Thinking In Systems

June 10, 2017

 

I've been thinking over the past few weeks about two seemingly unrelated phenomena. First, the fact that humanity has been extraordinarily lucky to enjoy 12,000 years of climate stability. This stability provided the backdrop for increasingly complex civilizations and stunning gains in technological and material conditions. While we're acutely aware of the weather at any given moment, it's considerably harder to look back at history and appreciate the climate conditions that set the stage for our current material wealth.

 

The second is monetary policy's connection to economic growth. Financial markets seem to pay the most attention to monetary policy when it's furthest from equilibrium, contributing to booms or busts. And yet stable monetary policy (defined as creating equilibrium conditions, not stability of interest rates per se) provides the conditions for long-term business planning and innovation - the very ingredients that create wealth for asset owners over the long run. It's easy to pay lip service to the "magic of compounding" without giving full credit to the conditions that allow such compounding to occur. 

 

The key point here is that background conditions are incredibly important, but far too easy to ignore. We observe phenomena without fully grasping the systems behind them. Donella Meadows defines a system as "an interconnected set of elements that is coherently organized in a way that achieves something", and it turns out that a decent chunk of this blog has implicitly been devoted to understanding systems. After all, our bodies, investment portfolios and football teams are simply different types of systems. But I suspect I'll be spending more time in the next few months trying to thinking about systems generally - so stay tuned. In the meantime, here are some preliminary thoughts on how we can learn more from systems.

 

1) Start by paying more attention to systems. Some of these systems are artifacts of natural processes. Others, though, have been actively shaped by people with an agenda. I really like the tagline of the podcast "99% Invisible", which describes itself as being about "all the thought that goes into the things we think about - the unnoticed architecture and design that shape our world." Without lapsing into conspiracy theories about shadowy power brokers, we can still pay more attention to "soft" infrastructure, in the form of climate, society or policy. This isn't always easy. For a variety of psychological reasons, it's easy for us to miss the forest for the trees. But I also suspect Western education systems exacerbate this by favouring "science, logic, and reductionism over intuitionism and holism", to use Meadows' phrase.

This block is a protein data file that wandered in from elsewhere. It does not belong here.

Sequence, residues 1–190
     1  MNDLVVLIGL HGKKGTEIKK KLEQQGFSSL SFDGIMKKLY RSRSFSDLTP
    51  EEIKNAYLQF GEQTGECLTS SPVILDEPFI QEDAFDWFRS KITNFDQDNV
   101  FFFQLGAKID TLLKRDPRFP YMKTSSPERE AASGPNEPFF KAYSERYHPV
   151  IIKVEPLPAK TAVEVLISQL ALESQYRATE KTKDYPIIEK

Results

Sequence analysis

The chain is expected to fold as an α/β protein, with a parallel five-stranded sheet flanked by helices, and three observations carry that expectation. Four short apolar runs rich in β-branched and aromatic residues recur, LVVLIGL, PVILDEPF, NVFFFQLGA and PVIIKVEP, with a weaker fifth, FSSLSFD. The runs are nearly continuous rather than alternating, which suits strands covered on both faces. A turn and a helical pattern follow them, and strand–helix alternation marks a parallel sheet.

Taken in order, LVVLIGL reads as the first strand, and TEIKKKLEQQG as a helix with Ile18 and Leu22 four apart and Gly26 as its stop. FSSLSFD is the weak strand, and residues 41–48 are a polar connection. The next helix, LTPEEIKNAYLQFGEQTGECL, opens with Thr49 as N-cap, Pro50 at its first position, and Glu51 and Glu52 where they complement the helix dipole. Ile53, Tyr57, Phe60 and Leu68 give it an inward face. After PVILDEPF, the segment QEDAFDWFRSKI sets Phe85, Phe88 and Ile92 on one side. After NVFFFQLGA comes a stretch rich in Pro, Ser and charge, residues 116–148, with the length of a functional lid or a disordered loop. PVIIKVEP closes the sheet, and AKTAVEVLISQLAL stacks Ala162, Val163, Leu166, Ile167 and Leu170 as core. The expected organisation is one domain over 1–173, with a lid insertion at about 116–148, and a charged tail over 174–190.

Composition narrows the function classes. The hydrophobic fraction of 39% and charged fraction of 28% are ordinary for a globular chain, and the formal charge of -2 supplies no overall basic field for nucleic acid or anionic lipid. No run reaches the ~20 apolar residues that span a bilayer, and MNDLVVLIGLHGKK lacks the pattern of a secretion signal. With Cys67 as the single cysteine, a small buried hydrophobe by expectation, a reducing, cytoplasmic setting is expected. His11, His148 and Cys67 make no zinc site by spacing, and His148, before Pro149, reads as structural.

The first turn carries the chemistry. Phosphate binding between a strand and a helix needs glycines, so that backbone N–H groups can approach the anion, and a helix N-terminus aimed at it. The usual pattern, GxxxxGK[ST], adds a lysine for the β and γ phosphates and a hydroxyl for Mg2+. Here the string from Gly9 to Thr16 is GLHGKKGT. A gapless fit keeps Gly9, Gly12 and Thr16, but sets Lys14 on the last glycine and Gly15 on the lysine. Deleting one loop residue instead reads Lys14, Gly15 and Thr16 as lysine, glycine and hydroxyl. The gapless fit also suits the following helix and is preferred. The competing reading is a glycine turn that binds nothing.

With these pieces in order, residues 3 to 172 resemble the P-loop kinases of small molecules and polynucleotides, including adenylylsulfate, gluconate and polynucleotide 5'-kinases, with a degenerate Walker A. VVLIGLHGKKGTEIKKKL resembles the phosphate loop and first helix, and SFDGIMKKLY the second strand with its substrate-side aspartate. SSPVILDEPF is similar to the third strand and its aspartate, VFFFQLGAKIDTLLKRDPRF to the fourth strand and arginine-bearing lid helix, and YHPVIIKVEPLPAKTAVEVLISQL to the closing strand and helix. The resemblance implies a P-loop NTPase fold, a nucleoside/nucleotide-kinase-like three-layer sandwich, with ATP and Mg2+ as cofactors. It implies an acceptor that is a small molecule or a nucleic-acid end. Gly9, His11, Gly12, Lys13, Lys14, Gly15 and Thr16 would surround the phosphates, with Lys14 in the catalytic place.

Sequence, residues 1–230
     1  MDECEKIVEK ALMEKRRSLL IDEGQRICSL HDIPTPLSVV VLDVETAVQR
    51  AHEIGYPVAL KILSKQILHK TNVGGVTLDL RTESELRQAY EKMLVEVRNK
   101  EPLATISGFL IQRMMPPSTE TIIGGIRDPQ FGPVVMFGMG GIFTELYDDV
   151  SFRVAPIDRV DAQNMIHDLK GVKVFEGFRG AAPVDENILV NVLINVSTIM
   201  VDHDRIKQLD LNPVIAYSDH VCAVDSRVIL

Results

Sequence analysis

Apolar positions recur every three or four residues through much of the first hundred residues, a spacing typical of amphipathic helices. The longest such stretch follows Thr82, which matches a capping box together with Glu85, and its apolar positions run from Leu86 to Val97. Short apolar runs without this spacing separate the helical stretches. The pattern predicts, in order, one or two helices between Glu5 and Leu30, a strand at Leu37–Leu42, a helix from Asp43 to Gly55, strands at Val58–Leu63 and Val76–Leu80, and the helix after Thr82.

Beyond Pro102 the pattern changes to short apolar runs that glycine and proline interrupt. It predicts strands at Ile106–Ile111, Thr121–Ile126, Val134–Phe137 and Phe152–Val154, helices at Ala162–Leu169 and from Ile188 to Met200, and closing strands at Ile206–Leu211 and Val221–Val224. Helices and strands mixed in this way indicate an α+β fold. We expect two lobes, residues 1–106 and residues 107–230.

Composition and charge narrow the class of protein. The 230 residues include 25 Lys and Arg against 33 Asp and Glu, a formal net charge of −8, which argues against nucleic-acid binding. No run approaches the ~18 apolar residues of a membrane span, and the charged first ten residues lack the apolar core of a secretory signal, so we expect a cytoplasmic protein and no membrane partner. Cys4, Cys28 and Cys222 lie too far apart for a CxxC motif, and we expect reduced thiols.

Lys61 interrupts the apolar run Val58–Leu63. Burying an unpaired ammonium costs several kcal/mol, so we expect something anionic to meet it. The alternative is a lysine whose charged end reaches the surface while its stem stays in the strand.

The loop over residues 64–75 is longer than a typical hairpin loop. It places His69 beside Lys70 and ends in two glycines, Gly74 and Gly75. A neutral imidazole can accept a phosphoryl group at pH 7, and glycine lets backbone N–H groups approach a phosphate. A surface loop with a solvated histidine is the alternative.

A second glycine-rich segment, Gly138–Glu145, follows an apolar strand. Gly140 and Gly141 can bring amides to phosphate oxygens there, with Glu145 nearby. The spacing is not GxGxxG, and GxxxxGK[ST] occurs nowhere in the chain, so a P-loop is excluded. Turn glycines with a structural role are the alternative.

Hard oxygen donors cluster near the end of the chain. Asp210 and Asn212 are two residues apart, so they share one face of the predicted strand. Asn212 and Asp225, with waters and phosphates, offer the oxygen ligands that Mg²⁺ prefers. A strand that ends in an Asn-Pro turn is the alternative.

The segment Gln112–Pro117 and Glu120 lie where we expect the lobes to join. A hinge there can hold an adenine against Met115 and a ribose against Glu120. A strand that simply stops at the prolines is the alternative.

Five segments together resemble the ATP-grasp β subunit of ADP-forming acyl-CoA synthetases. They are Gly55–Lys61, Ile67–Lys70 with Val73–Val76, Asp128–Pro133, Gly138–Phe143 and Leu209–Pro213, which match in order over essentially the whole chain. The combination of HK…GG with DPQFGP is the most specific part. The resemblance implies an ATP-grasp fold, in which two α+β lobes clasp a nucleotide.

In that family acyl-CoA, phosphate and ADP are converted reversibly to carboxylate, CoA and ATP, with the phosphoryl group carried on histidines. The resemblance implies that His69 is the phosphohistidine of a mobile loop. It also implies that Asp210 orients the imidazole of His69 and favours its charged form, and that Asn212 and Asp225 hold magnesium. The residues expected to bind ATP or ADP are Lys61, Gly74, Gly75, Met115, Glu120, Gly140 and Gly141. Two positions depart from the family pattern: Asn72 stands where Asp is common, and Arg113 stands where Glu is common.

2) Once we recognize these systems, we can take steps to frame ones that are better for us. Quoting Meadows again, "once you start to see the events of the day as parts of trends, and those trends as symptoms of underlying system structure, you will be able to consider new ways to manage and new ways to live in a world of complex systems." This links with two of my other interests. Mindfulness gives us the introspective tools to analyze our lives, while the "little bets" philosophy lets us experiment with small-scale systems. This is a powerful combination, offering us the chance to be proactive, rather than merely reacting to existing systems.

 

3) Be humble about the limits of "designing" conditions. Many systems are sufficiently complex that altering them has unintended consequences. Joni Mitchell and Janet Jackson had it dead right when they said, "Don't it always seem to go that you don't know what you got 'til it's gone?" It's far easier to design an individual investment plan or a building than to move a large organization. I was struck by an interview with Mark Zuckerberg where he acknowledged that as Facebook grew, its mantra had to change from "Move fast and break things" to "Move fast but don't break the infrastructure." This is even more important for people trying to create widespread social change. The Great Leap Forward and the war in Iraq were perpetrated by people with the hubris to believe they understood and could change entire social systems. I'm constantly reminded of Hayek's quote that "the curious task of economics is to demonstrate to men how little they really know about what they imagine they can design." Some systems are too complex and too intractable to be designed. The trick is to identify these, and instead come up with methods of dealing with this complexity. We should at least learn this much from history. 

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